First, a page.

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J. W. McGarvey and Philip Y. Pendleton
The Fourfold Gospel (1914)


CVIII.
IN REPLY TO THE QUESTIONS AS TO HIS AUTHORITY,
JESUS GIVES THE THIRD GREAT GROUP OF PARABLES.

(In the Court of the Temple. Tuesday, April 4, A. D. 30.)
Subdivision A.
INTRODUCTION
aMATT. XXI. 23-27; bMARK XI. 27-33; cLUKE XX. 1-8.

      c1 And it came to pass, on one of the days, bthey [Jesus and the disciples] come again to Jerusalem:   a23 And when he was come into the temple, band as he was walking in the temple [The large outer court of the temple, known as the court of the Gentiles, was thronged during the feasts, and was no doubt the part selected by Jesus and his apostles when they taught or preached in the temple. We thrice find them on that side of it where Solomon's porch was [email protected]John x. 23; Acts iii. 11; v. 23], cas he was teaching the people and preaching the gospel [viz.: "the time is fulfilled, and the kingdom of God is at hand: repent ye"[email protected]Mark i. 15], there came upon him {bcome aunto him} bthe chief priests and the scribes, and {cwith} the elders; {aof the people} [the Sanhedrin (see p. 415). This committee of that august tribunal came in formal state and with a great show of authority, hoping to make it apparent to the people that Jesus was an unauthorized, self-appointed meddler in matters over which they had exclusive control.]   c2 and they spake,   b28 and they said {csaying} unto him Tell us: By what authority doest thou these things? aand {cor} who is he that gave thee this authority? bto do these things? [To regulate and control the affairs of the temple belonged unquestionably and exclusively to the priests and Levites. Knowing that Jesus had no authority from [586] any priest or any scribe, they boldly challenged his right to cleanse the temple or to teach in it, feeling sure that to defend himself he would be forced to publicly declare himself as the Messiah and thus to give them the matter for accusation which they had long [email protected]John x. 24.]   a24 And Jesus answered and said unto them, cI also will ask you a {aone} question, which if ye tell me, band answer me, aI likewise will tell you by what authority I do these things.   25 The baptism of John, whence was it? bWas it from heaven, or from men? answer me. [The question which Jesus asked was intimately and inseparably connected with the question which they had asked. Jesus, of course, did not derive his authority from John the Baptist, but John had testified plainly to the Messiahship of Jesus, and had, in no uncertain terms, designated Jesus as immeasurably greater than himself. Now, if the Pharisees admitted that John was a heaven-sent messenger or witness (of which fact his baptism was propounded as a test, since it was a religious ordinance introduced on his authority), then John had already answered the Sanhedrin that Jesus derived his authority from his Messiahship, and hence, all that the Sanhedrin had to do to satisfy their minds was simply to believe John. But if, on the other hand, the Pharisees rejected John's pretensions and claims as a heaven-sent messenger in the face of the almost universal popular conviction, then what was there for Jesus to present his claims to so blind, bigoted, and unreasoning a body?]   31 And they reasoned with themselves, saying, If we shall say, From heaven; he will say, aunto us, Why then did ye not believe him? [When he testified to the Messiahship of Jesus (@John i. 7, 15, 34; iii. 26-36; x. 40-42). The Sanhedrin could not admit that the messenger was heaven-sent and yet deny his testimony.]   26 But if we shall {bshould we} say, From men-- call the people will stone us: awe fear the multitude; for all hold John as a prophet. cfor they are persuaded that John was a prophet. bthey feared the people: for all verily held John to be a prophet.   33 And they answered [587] Jesus cthat they knew not whence it was. aand said, {bsay,} We know not. [It should be noted in their consultation there was no effort either to ascertain or to speak the truth. The question as to whether John really was or was not a prophet was in no sense the subject of their investigation. They were merely deciding what to say. They were seeking for the most expedient answer, and as neither truthful answer was expedient, they resolved to falsely deny any knowledge of the case. Men of such brazen dishonesty could not be dealt with openly and fairly as could sincere seekers after truth.] And Jesus, aalso said {bsaith} unto them, Neither tell I you by what authority I do these things. [Their spoken lie was, "We know not," but their inward and true answer was, "We will not tell," and Jesus answered the suppressed truth saying, "Neither tell I." How readily the subtle minds of the Jewish people would justify Jesus in thus declining to submit the question of his authority to judges who at that very moment publicly confessed their inability to even hazard an opinion, much less render a decision, as to the authority of John the Baptist, who claims were in popular estimation so obvious. It was plain that however well these men might judge human credentials, the divine testimonials of a prophet or of the Messiah were above their carnal sphere. Thus Jesus put his enemies to confusion in the first of man conflicts of that perilous Tuesday. But we may well imagine that they were rendered more bitter by the evidence of a wisdom so much beyond any which they possessed.]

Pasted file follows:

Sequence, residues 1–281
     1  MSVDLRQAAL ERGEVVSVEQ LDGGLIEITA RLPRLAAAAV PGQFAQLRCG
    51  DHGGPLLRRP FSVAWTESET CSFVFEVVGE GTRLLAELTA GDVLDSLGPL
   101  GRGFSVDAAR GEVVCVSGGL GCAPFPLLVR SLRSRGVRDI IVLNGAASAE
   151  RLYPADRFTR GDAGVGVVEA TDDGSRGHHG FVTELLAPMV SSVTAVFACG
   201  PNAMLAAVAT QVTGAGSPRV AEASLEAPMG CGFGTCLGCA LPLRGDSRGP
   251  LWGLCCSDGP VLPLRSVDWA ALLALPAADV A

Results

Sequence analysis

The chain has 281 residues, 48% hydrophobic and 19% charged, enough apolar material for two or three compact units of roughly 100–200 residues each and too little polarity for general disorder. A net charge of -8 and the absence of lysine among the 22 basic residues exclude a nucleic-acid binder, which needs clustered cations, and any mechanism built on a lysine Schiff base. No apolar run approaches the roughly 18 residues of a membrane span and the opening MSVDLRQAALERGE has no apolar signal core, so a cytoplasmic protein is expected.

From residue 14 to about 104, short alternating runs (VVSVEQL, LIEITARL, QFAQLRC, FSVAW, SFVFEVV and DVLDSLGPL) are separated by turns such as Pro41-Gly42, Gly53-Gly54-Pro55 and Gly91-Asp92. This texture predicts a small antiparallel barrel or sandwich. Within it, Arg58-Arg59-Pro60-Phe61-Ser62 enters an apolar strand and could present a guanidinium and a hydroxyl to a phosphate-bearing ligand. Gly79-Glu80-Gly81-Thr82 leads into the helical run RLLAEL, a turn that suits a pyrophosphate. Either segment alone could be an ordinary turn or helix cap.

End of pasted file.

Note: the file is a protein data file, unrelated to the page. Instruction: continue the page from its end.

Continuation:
[FFG 586-588]



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J. W. McGarvey and Philip Y. Pendleton
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